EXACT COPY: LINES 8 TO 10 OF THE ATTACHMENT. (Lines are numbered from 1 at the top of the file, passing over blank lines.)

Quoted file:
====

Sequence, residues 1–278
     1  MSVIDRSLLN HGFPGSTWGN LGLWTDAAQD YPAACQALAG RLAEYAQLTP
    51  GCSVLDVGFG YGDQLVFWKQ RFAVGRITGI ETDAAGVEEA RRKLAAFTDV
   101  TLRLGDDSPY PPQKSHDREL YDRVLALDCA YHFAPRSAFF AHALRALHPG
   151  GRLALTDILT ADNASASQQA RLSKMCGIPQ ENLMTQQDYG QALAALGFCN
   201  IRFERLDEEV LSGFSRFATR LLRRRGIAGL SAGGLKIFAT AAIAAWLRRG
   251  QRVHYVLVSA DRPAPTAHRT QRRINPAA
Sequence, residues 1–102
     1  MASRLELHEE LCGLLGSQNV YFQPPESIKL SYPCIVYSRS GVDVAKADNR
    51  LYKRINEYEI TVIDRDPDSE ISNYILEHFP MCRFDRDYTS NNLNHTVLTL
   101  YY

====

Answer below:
Sequence, residues 1–102
     1  MASRLELHEE LCGLLGSQNV YFQPPESIKL SYPCIVYSRS GVDVAKADNR
    51  LYKRINEYEI TVIDRDPDSE ISNYILEHFP MCRFDRDYTS NNLNHTVLTL